Nicole Brown's sister to discuss domestic violence, hope in suburbs

  • Denise Brown, sister of Nicole Brown, speaks at a news conference about domestic violence in October 1995. Brown is in the suburbs this weekend for a WINGS fundraising event.

    Denise Brown, sister of Nicole Brown, speaks at a news conference about domestic violence in October 1995. Brown is in the suburbs this weekend for a WINGS fundraising event. Associated Press File Photo

Updated 10/21/2016 7:32 PM

Denise Brown likes to remember the little things about her sister.

Like the way Nicole Brown -- who was once married to O.J. Simpson but was murdered in 1994 -- always had french fries or another snack in the front seat of the car in case one of her kids got hungry. Or what a great mother she was.


"She was just a normal, down-to-earth human," Denise said.

She had no idea that her sister was living in "hell," as Denise put it, until months after her death when she began to read Nicole's diaries and understand the cycle of domestic abuse she had lived with for years.

"That's when I realized my sister was living a nightmare," Denise said.

In the years that followed, O.J. Simpson was tried and acquitted in the murders of Nicole Brown and of Ron Goldman, a Buffalo Grove native, but lost a civil suit that awarded $33.5 million in damages to Goldman's family.

The tragedy inspired Denise Brown to become one of the country's most outspoken activists for domestic violence awareness, running the Nicole Brown Foundation and lobbying for the passage of the Violence Against Women Act of 1994. She is the keynote speaker at the WINGS Purple Tie Ball Saturday night at the Westin Hotel in Itasca.

Rebecca Darr, CEO of WINGS, the largest domestic violence housing agency in Illinois, said Denise Brown's openness about what happened to her sister has done a lot of good over the past 20 years.

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"I don't think people realize that every time you retell the story of trauma from your past, no matter how long ago it was, it's hard to do," Darr said. "But (she) continues to do it over and over again to benefit others, educate others about a serious issue and prevent other families from going through what (she) did."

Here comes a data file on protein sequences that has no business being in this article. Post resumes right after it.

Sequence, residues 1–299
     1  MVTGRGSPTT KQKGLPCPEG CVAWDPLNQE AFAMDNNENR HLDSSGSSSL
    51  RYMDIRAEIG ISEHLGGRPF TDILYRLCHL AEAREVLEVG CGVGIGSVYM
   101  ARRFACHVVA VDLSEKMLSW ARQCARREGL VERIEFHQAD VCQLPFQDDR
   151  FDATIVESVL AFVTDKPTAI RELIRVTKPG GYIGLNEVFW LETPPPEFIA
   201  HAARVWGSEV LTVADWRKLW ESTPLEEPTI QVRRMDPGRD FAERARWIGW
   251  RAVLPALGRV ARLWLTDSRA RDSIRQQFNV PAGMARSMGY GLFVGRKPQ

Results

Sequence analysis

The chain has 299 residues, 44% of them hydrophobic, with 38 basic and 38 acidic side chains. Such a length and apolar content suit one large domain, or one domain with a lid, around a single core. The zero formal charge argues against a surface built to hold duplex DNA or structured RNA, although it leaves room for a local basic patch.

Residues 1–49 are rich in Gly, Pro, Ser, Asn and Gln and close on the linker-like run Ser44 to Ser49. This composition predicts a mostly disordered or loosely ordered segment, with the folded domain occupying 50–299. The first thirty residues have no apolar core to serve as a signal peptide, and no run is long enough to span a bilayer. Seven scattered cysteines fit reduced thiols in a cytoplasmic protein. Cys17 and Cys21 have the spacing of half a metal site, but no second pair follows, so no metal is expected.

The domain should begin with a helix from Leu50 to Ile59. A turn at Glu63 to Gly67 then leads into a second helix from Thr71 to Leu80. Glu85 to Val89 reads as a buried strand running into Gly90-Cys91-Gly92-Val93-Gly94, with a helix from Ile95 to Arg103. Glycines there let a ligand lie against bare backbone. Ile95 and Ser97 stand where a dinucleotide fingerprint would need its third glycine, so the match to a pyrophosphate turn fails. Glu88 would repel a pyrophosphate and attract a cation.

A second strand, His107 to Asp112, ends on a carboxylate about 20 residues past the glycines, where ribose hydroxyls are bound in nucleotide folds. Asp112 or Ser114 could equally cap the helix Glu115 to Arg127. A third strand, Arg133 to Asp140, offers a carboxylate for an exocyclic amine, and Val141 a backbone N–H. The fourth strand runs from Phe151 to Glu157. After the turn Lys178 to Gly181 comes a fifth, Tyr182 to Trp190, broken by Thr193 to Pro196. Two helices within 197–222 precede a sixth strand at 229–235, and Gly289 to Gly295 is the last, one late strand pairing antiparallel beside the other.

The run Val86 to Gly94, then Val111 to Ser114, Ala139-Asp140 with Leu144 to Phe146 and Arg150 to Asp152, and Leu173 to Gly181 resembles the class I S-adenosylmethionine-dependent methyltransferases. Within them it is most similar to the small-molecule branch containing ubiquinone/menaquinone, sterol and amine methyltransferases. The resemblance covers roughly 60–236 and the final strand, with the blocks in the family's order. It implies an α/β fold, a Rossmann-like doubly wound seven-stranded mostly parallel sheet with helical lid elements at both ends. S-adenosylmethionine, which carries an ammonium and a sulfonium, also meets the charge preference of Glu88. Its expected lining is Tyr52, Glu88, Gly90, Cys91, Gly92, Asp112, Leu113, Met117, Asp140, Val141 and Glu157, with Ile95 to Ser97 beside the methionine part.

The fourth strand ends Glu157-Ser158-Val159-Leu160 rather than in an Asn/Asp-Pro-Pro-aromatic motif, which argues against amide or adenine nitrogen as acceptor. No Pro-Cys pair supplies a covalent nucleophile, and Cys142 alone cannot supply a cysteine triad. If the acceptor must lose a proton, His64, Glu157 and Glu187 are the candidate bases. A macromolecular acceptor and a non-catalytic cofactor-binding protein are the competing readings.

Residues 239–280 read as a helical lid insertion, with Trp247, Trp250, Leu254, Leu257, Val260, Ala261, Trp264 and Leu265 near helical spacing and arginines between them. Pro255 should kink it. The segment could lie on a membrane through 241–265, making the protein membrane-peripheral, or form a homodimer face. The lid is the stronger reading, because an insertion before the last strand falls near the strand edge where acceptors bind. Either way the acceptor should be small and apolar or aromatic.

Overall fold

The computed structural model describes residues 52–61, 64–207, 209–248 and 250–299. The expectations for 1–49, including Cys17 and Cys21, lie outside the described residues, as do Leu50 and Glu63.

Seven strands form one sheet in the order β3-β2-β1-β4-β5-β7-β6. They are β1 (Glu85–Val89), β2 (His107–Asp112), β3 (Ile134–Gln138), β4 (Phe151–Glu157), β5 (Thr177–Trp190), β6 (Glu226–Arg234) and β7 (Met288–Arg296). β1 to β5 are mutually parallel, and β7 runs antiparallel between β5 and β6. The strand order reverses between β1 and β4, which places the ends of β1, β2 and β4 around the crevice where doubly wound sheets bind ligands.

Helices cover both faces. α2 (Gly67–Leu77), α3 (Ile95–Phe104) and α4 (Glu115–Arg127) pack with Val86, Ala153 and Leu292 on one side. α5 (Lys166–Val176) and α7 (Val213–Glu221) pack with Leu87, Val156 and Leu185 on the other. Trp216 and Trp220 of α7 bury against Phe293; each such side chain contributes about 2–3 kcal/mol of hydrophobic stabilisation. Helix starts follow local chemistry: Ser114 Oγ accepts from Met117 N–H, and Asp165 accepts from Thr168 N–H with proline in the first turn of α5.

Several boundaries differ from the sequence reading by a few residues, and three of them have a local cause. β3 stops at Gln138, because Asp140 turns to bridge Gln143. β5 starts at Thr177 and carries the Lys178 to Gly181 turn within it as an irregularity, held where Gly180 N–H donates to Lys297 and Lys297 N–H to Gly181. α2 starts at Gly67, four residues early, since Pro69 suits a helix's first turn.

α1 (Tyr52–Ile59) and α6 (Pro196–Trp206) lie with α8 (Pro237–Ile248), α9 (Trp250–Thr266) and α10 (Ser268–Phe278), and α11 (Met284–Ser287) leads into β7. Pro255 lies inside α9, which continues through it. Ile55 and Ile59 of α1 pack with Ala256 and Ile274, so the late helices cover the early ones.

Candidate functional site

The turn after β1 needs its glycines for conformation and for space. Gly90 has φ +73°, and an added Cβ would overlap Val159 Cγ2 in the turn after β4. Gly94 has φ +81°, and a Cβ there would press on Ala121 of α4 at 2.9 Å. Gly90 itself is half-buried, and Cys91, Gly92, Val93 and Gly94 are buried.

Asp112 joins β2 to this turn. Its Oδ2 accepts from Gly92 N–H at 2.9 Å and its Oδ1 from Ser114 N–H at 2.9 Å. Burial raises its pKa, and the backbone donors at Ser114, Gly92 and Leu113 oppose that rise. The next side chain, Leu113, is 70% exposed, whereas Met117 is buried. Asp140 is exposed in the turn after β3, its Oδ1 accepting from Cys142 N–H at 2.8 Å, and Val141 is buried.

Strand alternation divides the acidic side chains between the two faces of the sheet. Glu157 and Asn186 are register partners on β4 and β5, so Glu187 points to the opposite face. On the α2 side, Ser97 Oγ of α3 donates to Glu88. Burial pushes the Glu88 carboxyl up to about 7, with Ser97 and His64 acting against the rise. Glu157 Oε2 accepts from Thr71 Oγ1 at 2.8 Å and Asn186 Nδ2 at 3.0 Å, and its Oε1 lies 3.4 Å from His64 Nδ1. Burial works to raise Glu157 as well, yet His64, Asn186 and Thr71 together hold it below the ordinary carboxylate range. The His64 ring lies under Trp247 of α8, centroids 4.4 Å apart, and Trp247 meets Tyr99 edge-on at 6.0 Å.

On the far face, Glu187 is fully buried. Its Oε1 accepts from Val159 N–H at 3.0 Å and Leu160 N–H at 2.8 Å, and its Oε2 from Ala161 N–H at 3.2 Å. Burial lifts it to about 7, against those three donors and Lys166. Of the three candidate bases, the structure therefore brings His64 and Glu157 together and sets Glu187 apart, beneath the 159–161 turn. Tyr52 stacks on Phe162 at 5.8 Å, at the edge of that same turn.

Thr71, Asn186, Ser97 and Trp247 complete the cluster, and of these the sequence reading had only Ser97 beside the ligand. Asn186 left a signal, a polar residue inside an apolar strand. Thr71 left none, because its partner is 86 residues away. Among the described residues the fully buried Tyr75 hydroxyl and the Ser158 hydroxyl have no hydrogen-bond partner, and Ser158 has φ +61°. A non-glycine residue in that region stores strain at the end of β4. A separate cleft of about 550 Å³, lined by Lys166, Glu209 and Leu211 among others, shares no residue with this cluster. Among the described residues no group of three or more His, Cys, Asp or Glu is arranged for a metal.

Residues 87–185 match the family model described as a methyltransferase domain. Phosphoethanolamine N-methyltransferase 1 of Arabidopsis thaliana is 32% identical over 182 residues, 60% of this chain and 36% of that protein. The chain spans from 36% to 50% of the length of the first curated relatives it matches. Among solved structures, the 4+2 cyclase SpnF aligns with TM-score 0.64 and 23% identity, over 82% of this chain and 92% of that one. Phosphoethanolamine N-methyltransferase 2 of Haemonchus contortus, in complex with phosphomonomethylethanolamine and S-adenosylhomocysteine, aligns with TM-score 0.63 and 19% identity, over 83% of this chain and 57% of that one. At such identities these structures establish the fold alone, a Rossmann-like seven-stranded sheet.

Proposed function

Once she began to understand more about domestic violence, Denise Brown said she realized there were signs in her sister's marriage that she could have noticed all along, such as verbal abuse and a physical fight that led them to take Nicole to a hotel for a night. She said the couple made up the next day and Brown believed her sister's reassurances, not understanding the cycle of domestic violence or how much danger her sister could be in, even after her divorce.

"It was her silent hell she was living in," Brown said.

In 2008, O.J. Simpson was sentenced to prison on robbery charges, and Brown said it wasn't until that moment when she felt she could let go of her anger.

"When he was thrown in jail, that's when I was able to start moving my life forward. It took a long time, but that's when I could breathe again," she said.


Over the past two decades, Brown says society has come a long way in terms of people being aware of domestic violence and being more comfortable talking about it, but there is still a long way to go.

"People used to think this only happened to poor people or homeless people," Brown said. "Nicole was not poor or homeless. It can happen to anyone."

Denise said she has gone through different stages of her grief for her sister, but it never gets easier.

"When I remember certain things, I still cry," Brown said.

That's why she chose not to watch the documentary or TV series that came out this year about the O.J. trial.

"I lived it. I don't need to go there," she said. "When I talk about Nicole I go back there; I revisit it every day."

The highly acclaimed television projects have put the high-profile case back in the news, which has been both good and bad, Brown said.

"It's a Catch-22. I love it and I hate it. I hate it because it brings back all of this stuff, but I love it because it brings awareness to domestic violence," Brown said. "Is it fun to relive, no. But there is hope. There is light at the end of the tunnel and people can see they don't have to become another Nicole."

• WINGS operates a 24-hour hotline at (847) 221-5680 for anyone needing domestic violence services, or knowing of someone who does.

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